A new report from a cancer research organization warns that Europe now faces a “cancer epidemic” due to missed screenings during COVID-19 restrictions and lockdowns.
Researchers say that cancer was already a leading cause of premature deaths prior to the pandemic, but that “the disastrous effects of the pandemic on early diagnosis and treatment will probably set back cancer outcomes in Europe by almost a decade.”
The report data found that doctors saw 1.5 million fewer patients with cancer during the first year of the pandemic; that 100 million cancer screenings were missed; and estimates that as many as one million Europeans may now have an undiagnosed cancer because of the backlog, according to The Guardian.
“To emphasize the scale of this problem, we estimate that about [one million] cancer diagnoses might have been missed across Europe during the Covid-19 pandemic,” researchers wrote in The Lancet Oncology. “There is emerging evidence that a higher proportion of patients are diagnosed with later cancer stages compared with pre-pandemic rates as a result of substantial delays in cancer diagnosis and treatment. This cancer stage shift will continue to stress European cancer systems for years to come.”
Professor Mark Lawler of Queen’s University Belfast, the lead author of the commission, says lockdowns had a “chilling effect on cancer research, with laboratories shut down and clinical trials delayed or cancelled in the first pandemic wave.”
He cautions that Europe is heading for a cancer epidemic if cancer health systems and research are not “urgently prioritized.”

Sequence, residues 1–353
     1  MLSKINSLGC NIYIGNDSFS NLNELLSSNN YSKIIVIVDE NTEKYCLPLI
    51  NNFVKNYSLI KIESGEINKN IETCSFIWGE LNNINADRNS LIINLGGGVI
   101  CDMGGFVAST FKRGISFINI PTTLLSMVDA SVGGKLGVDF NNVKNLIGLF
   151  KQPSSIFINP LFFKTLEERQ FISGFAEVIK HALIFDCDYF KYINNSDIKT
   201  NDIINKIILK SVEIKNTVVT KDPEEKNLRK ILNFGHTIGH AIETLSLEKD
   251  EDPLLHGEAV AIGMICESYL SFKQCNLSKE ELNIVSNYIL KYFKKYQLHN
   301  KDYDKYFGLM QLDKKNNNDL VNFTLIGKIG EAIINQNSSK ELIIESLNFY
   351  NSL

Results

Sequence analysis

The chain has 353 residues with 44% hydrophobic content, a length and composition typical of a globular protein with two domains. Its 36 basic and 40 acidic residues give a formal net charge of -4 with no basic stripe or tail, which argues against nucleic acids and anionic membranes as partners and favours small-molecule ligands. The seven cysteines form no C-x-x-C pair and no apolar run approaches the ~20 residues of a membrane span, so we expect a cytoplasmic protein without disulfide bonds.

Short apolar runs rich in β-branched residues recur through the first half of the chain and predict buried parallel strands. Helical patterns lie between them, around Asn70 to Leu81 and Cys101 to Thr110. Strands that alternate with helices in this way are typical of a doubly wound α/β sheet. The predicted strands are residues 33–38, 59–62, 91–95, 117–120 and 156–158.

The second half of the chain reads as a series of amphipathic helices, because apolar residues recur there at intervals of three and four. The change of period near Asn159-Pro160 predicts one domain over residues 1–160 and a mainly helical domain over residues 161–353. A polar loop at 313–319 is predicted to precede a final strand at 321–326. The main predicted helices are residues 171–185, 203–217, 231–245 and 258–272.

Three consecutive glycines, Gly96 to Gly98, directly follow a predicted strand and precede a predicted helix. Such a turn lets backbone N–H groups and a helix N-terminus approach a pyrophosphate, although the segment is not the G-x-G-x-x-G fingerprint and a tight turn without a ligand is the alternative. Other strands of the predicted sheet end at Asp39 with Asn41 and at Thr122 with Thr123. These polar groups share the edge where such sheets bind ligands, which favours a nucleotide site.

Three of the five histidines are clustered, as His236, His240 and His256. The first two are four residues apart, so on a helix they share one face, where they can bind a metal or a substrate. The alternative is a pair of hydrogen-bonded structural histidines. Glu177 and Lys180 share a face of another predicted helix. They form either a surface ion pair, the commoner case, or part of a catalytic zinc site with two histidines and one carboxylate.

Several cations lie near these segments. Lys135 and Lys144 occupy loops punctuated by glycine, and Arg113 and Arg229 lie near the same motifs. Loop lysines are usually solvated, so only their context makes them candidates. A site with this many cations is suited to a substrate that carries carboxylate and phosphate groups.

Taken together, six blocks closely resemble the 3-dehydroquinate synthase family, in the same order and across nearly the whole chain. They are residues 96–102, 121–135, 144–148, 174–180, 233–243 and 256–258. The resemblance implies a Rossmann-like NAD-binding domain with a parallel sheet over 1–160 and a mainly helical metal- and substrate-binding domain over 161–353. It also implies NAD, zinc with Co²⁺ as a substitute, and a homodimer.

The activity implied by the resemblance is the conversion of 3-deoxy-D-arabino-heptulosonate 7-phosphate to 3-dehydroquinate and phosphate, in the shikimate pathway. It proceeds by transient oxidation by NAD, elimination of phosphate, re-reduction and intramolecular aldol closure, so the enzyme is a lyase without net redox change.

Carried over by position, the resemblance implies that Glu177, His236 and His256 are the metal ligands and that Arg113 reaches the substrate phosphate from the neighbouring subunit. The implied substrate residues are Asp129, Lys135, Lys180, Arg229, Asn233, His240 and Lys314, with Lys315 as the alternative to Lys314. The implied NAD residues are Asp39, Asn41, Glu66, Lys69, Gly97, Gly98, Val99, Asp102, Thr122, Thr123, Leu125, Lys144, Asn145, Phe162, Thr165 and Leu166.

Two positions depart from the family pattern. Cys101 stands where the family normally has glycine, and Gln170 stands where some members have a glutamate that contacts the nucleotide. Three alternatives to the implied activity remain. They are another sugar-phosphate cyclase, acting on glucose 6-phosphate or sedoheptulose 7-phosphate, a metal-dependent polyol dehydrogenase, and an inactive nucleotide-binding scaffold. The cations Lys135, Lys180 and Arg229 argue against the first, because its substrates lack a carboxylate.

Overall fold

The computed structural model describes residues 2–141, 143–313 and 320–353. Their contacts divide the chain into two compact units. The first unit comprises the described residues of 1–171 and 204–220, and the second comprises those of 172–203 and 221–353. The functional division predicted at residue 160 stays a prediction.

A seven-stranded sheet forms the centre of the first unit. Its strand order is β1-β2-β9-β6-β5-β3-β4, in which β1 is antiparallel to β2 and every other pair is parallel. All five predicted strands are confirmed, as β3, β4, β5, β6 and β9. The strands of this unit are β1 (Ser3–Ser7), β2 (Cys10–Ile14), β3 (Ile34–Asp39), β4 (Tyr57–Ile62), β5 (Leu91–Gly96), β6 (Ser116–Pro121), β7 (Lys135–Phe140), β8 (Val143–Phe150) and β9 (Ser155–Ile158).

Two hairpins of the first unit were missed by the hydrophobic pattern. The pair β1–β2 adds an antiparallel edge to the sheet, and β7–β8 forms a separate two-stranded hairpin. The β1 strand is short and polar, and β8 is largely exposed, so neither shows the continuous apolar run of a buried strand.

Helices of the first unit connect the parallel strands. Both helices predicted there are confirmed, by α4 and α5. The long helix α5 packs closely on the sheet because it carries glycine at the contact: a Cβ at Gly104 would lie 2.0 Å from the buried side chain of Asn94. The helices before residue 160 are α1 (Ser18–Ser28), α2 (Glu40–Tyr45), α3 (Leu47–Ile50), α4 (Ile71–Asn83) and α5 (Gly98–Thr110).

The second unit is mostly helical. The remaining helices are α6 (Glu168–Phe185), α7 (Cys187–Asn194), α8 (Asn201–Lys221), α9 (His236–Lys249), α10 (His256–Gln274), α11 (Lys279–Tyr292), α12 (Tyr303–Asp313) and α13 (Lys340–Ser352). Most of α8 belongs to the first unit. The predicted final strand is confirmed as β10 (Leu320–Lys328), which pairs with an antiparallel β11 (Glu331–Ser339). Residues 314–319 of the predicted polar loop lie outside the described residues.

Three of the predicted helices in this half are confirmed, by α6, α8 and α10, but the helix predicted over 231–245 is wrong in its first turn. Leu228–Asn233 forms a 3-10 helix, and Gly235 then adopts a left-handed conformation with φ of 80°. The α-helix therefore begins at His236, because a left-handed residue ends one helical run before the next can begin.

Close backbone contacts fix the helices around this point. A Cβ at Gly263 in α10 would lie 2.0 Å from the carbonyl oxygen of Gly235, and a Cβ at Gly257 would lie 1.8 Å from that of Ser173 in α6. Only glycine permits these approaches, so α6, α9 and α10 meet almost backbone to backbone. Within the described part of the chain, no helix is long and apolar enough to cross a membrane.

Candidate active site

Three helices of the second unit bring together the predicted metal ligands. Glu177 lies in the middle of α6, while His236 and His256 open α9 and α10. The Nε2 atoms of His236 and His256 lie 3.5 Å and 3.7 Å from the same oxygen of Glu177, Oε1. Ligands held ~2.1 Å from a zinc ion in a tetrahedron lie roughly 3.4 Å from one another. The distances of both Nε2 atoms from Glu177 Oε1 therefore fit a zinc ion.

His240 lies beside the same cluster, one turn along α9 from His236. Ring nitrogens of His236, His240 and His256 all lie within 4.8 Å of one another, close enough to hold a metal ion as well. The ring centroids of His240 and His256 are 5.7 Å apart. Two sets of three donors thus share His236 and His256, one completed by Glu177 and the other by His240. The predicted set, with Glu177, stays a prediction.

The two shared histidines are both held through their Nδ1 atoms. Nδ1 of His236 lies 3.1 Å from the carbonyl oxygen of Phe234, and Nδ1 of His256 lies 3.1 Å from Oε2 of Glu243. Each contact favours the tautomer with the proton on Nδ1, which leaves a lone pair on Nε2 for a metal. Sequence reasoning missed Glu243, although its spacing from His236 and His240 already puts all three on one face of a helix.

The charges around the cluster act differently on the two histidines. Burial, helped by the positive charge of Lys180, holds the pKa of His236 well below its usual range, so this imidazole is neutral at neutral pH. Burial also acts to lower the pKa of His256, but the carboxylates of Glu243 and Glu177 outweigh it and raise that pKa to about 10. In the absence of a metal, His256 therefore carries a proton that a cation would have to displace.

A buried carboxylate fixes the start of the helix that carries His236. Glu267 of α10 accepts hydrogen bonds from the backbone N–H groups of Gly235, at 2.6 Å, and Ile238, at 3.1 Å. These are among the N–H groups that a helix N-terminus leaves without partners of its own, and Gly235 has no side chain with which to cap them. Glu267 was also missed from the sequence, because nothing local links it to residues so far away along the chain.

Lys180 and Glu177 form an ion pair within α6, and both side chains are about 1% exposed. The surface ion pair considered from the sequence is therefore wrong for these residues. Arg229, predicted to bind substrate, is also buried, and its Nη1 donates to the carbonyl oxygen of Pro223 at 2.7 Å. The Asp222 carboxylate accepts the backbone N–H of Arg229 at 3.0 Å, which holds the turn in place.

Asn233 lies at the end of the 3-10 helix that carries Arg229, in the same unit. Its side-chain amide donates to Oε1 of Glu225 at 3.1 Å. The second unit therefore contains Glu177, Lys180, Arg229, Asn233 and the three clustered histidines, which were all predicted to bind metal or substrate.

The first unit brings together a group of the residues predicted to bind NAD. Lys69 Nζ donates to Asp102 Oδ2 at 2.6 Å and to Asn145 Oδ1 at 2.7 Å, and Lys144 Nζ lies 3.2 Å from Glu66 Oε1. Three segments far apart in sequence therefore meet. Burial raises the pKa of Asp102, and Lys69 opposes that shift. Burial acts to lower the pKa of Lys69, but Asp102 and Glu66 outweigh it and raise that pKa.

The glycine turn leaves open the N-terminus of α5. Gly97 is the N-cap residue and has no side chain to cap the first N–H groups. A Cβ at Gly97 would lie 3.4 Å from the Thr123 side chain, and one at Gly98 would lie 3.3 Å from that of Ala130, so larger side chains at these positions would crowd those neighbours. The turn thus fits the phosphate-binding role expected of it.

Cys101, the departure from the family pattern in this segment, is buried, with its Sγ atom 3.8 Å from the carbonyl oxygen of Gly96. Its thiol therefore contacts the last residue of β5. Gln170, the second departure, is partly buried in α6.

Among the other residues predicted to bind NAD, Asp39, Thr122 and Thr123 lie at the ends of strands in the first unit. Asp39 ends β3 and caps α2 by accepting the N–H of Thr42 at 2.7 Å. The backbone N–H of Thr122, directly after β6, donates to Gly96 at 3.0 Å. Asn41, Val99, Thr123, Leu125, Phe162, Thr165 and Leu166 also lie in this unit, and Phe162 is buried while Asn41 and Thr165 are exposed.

The Lancet report aligns with similar data analysis that found pandemic policies led to steep declines in cancer screenings in the U.S., potentially leading to thousands of preventable deaths.
U.S. screenings dropped by 9.4 million, according to the National Cancer Institute, which experts worry could lead to cancers being diagnosed at a more advanced stage.
The NCI projected there could be an additional 10,000 cancer deaths because of missed screenings.
Separately, a U.S. Cancer Society study published in 2022 concluded that cancer-related deaths are expected to increase, due to missed screenings associated with the pandemic.
“The coronavirus disease 2019 (COVID-19) pandemic abruptly and markedly disrupted health care and caused a swift diversion of resources and delays of nonessential services, including cancer screening,” researchers said in the report.
According to a study by the U.S. Centers for Disease Control and Prevention (CDC), during April 2020 the screening rates for breast cancer declined by 87 percent, while the screening rates for cervical cancer plummeted 84 percent.
“This study highlights a decline in cancer screening among women of racial and ethnic minority groups with low incomes when their access to medical services decreased at the beginning of the pandemic,” said Amy DeGroff, PhD, MPH, CDC health scientist and lead author. “They reinforce the need to safely maintain routine health care services during the pandemic, especially when the health care environment meets COVID-19 safety guidelines.”
The CDC says the drop in people getting cancer screenings was impacted by screening site closures and the suspension of breast and cervical cancer screening services amid pandemic restrictions.